Army Corps Clears Way for DAPL Construction*
The previously denied easement was granted just weeks after President Donald Trump’s executive order reviving the pipeline.
The U.S. Army Corps of Engineers granted Tuesday the final easement needed to finish the controversial Dakota Access pipeline, according to a court filing seen by Reuters.
The pipeline had been delayed for several months after protests from Native American tribes and climate activists. The US$3.8 billion line, which is being built by Energy Transfer Partners, needed a final permit to tunnel under Lake Oahe, a reservoir that is part of the Missouri River.
President Donald Trump, days after being sworn in, issued an executive order directing the Army Corps to smooth the path to finishing the line. Tuesday’s filing was made in U.S. Federal District Court in Washington, D.C.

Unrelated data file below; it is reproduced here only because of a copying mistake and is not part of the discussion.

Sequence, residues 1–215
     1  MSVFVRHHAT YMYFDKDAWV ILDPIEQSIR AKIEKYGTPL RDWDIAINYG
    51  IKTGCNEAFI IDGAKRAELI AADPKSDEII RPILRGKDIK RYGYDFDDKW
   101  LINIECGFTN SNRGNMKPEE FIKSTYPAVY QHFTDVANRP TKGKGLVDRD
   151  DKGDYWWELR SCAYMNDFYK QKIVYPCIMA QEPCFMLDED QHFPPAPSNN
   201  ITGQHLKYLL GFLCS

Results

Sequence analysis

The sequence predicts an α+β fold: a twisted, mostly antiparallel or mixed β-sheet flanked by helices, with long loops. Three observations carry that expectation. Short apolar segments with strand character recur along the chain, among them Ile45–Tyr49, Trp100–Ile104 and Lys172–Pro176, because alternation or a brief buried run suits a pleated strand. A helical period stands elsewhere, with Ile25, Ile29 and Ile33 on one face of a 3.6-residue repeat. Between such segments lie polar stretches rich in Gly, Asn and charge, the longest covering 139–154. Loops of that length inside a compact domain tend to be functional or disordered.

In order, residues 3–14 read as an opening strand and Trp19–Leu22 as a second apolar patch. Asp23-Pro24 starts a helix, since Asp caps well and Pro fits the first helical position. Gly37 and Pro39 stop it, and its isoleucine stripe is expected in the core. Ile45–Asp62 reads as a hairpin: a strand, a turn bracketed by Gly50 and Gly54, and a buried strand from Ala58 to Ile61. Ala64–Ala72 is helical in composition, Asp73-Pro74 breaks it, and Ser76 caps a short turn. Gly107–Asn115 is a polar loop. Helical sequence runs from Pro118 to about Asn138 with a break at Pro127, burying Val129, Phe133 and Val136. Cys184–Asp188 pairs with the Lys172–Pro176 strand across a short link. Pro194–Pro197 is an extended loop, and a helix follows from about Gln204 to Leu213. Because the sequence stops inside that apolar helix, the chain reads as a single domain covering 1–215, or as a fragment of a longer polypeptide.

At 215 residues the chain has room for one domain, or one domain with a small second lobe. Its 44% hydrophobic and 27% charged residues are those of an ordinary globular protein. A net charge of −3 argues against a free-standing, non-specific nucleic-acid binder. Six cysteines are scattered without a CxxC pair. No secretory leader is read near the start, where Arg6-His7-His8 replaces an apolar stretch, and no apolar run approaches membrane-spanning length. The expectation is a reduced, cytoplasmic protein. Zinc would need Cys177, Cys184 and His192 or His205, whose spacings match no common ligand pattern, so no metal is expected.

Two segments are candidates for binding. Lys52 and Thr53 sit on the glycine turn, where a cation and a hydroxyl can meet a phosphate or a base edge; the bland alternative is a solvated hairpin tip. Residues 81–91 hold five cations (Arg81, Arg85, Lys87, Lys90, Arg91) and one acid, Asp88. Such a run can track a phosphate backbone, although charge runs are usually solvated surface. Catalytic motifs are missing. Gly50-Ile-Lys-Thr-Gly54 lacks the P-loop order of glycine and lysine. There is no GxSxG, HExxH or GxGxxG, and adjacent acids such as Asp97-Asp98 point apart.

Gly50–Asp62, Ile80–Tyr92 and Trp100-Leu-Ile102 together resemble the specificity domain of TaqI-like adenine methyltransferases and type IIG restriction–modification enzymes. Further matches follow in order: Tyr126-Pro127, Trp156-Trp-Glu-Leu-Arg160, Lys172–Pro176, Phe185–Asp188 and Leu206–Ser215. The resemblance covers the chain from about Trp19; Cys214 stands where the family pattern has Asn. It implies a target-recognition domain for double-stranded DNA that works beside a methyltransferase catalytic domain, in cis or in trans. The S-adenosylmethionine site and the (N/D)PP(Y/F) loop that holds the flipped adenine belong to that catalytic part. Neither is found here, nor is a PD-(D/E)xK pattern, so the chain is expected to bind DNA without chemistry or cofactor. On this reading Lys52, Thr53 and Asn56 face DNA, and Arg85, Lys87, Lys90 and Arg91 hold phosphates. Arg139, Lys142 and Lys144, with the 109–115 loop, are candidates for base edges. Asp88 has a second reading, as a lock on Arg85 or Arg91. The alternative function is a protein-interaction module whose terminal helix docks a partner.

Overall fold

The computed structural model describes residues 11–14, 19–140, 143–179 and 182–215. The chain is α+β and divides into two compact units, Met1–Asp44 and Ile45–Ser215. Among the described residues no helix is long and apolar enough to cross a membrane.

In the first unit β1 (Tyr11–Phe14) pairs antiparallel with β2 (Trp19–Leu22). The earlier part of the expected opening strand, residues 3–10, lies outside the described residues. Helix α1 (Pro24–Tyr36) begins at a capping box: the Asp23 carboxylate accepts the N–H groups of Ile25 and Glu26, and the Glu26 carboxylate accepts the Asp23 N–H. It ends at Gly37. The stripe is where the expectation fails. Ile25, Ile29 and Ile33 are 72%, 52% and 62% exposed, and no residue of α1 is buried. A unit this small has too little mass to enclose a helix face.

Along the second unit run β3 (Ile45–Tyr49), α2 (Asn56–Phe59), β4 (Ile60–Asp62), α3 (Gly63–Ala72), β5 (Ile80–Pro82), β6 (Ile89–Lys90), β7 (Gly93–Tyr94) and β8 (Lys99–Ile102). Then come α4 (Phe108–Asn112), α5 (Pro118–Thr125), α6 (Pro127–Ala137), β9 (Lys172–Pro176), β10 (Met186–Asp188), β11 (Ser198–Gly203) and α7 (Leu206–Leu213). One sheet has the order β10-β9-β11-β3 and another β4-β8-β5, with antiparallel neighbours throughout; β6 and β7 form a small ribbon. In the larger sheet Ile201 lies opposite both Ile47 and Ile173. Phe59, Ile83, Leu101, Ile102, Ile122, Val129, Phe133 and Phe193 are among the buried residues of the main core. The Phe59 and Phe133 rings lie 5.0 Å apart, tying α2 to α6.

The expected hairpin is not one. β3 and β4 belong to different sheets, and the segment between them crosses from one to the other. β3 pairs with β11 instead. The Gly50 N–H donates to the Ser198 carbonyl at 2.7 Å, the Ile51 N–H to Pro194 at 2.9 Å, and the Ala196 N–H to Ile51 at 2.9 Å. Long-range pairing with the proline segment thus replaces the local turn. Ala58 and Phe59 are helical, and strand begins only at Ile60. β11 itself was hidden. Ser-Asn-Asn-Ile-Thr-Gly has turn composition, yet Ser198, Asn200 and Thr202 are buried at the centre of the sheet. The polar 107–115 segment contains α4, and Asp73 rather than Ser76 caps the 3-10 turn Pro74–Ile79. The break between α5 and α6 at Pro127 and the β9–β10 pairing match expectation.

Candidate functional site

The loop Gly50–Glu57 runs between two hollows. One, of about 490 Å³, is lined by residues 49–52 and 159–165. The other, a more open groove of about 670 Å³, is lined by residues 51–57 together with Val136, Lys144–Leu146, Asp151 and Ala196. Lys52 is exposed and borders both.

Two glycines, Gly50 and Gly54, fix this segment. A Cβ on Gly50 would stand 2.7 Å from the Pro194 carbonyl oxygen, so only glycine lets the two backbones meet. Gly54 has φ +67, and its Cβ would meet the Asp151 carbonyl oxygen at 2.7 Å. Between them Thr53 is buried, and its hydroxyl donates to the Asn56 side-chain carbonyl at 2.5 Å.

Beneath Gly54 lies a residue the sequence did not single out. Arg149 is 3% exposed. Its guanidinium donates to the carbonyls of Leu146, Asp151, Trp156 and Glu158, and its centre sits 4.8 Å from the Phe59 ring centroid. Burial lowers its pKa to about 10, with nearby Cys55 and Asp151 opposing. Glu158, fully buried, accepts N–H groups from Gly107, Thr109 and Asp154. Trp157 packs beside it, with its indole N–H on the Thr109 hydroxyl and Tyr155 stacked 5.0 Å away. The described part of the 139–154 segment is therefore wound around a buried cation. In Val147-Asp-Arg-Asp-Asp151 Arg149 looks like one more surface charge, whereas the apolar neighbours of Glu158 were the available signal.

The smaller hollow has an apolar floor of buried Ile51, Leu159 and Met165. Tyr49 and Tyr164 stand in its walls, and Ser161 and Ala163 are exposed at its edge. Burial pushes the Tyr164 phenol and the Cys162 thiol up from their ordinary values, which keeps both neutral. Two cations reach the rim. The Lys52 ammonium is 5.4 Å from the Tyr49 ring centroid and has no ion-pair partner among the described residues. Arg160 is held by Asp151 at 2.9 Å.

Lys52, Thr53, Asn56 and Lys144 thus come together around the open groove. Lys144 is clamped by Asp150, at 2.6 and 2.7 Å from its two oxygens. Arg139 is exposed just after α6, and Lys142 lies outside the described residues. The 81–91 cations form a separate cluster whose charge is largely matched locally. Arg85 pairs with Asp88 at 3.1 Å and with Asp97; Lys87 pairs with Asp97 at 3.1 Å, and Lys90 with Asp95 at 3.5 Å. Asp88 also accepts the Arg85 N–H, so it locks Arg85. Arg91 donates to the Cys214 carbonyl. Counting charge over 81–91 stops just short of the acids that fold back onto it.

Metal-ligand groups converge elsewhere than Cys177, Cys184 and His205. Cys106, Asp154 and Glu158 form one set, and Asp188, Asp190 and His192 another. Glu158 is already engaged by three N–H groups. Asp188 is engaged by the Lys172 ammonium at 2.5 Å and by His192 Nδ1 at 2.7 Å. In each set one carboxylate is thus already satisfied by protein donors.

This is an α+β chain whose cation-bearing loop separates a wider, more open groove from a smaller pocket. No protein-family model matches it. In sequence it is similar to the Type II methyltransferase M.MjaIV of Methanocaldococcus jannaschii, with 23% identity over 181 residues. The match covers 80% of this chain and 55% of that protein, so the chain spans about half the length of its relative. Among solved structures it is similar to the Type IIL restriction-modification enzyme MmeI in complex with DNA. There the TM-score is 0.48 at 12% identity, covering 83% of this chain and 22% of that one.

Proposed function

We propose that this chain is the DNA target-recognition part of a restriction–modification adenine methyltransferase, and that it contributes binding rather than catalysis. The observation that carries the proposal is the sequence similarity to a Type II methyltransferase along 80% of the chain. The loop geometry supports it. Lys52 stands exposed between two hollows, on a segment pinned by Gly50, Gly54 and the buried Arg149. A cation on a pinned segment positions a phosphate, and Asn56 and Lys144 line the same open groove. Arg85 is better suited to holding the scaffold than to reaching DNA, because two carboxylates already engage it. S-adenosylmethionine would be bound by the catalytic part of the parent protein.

In December, under the watch of former President Barack Obama, the Army Corps had previously stated they would undertake a further environmental review of the project.
The Standing Rock Sioux tribe, whose reservation is adjacent to the line’s route, said last week they will fight the decision arguing that the Army Corps cannot circumvent a scheduled environmental impact study that was ordered in January.
The tribe along with thousands of water protectors had fought the line for months attracting national and international solidarity, fearing contamination of the local drinking water source and damage to sacred sites on Indigenous land.
Their protests, along with those of climate activists, resulted in the Obama administration’s decision to delay a final permit that would allow construction under the Missouri River.